According to a report late Monday night from ESPN’s Jeff Passan, MLB and the MLBPA are discussing a radical plan that “has the support of high-ranking federal public health officials” and would enable the league to begin the 2020 regular season as early as next month (but possibly in early June). Under this plan, all teams would begin the season playing at empty ballparks in the Phoenix, Arizona metro area. Those facilities would likely include Chase Field, the Diamondbacks’ air-conditioned, retractable-roof home ballpark; the 10 facilities across the Phoenix area that currently play host to Cactus League spring training games; and potentially other facilities — Phoenix Municipal Stadium, current home of Arizona State baseball, and GCU Ballpark, Grand Canyon University’s home diamond, come to mind if more fields are needed.
NEWS: Major League Baseball and the MLBPA are focusing on a plan backed by federal health officials that could have players in training camps by May and games soon thereafter.— Jeff Passan (@JeffPassan) April 7, 2020
Details at ESPN on how MLB may return -- and the difficulty in doing so: https://t.co/zDoNa3k4pm
Under this plan, all involved parties — players, coaches, trainers, and other essential personnel —would be isolated at nearby hotels, leaving only when they have to go to a ballpark or team facility.
There’s already been concern on social media from fans, media members, and players about all participants being isolated from their families and largely stuck in hotel rooms for such a long period of time. Those concerns are absolutely valid, and they very well may prevent this plan from coming to fruition.
With that said, everybody who’s been playing or coaching in professional baseball for long enough has a certain level of experience being away from their families. They go on long road trips. They get sent to the minors or traded and aren’t able to immediately uproot a wife with a job or kids who are in school. Many international players are apart from their families for most of the year as they travel overseas to play baseball at the sport’s highest level.
Now, most players are not usually separated from their loved ones for months at a time, and it’s unfortunate to think about that being the case for anybody, especially when there’s so much concern around the world about the COVID-19 pandemic. But technology like FaceTime, Skype, and Zoom — as well as the ability to text and call to your heart’s content without the worry about long-distance fees or even overage charges — would make this scenario much more feasible and less heartbreaking than it would’ve been 20 or even 10 years ago, and the players might be more likely to agree to it than many of us are assuming, especially since most of them stand to gain millions of dollars by doing so, and because the best-case scenario seems to involve them returning to their home cities at some point during the season if it becomes safe to do so.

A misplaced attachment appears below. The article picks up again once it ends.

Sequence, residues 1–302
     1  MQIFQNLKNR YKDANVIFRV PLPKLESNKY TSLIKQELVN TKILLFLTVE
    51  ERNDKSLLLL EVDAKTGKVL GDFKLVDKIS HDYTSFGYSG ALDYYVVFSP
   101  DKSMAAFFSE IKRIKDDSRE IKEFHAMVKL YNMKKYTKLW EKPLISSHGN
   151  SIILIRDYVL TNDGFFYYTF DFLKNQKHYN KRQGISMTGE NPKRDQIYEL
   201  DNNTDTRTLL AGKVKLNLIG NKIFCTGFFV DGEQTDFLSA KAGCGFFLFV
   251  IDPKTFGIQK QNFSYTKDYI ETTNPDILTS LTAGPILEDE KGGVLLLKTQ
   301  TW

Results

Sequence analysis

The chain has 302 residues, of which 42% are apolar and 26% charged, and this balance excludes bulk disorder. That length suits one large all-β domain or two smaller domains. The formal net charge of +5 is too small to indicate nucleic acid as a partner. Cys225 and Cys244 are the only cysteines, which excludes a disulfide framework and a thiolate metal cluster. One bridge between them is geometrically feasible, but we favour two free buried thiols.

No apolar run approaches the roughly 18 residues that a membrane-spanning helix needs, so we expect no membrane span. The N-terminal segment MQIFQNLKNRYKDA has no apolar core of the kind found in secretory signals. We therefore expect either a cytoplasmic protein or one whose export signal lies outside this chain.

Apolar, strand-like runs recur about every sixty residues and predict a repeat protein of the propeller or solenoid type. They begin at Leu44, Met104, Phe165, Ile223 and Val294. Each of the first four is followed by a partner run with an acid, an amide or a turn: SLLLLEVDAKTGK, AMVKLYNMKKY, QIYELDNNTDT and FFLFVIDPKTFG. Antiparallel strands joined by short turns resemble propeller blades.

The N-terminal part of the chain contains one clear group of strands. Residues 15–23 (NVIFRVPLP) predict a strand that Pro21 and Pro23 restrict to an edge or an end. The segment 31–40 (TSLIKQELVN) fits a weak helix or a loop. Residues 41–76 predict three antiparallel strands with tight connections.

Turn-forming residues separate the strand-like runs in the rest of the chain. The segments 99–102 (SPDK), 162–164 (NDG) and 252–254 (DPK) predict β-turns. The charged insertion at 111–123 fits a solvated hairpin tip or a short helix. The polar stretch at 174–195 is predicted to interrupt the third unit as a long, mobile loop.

Passan’s report details some of the actions MLB could take to promote proper social distancing, all of which will likely look even more ridiculous in action than they sound on paper. However, we’re living in a time where extreme precautions need to be taken in order to stay safe and healthy, and it’s obviously much better for MLB to be safe than sorry with these things. Those changes could include balls and strikes being called by a robotic umpiring system rather than the home-plate umpire so that individual is able to stand six or more feet behind the catcher (this is one tweak that sounds like MLB using social distancing as an excuse to make a change they’ve been wanting to make for a while), mound visits by coaches and catchers being prohibited, players and team personnel sitting six feet apart in the stands rather than the dugout, and all doubleheader games (of which there would likely be many under this plan) being seven innings long.
There are many more questions relating to how the sport would be covered and distributed to the fans, who obviously won’t be able to attend the games in person and will have to watch on TV or the internet if they want to follow their favorite teams. It seems rather likely that broadcasters will work remotely if this plan comes to fruition, calling games from their homes or a studio in their home market, much like some of them have done in the past when MLB season openers, World Baseball Classic games, and postseason exhibitions have taken place in Japan and South Korea. However, camera operators and technical crew members would have to be at the stadiums, and it’s unclear if those individuals would be subject to the same isolation guidelines as players and team personnel. It also remains to be seen how beat writers would cover a season played under these stringent guidelines. Would teams set up pre- and postgame Zoom sessions with managers and players so media members could gather the quotes they need?
This plan is perhaps unrealistic, and it’s obviously far from perfect — for starters, the destruction of the traditional ballpark atmosphere due to the absence of fans would be drastic and perhaps make the game much less enjoyable. But having sports back, even in a significantly altered form, would certainly be a boost for many Americans, and it might even help baseball restore its status as “America’s Pastime.” If reputable medical personnel truly consider it to be a safe plan, it’s something worth thinking about.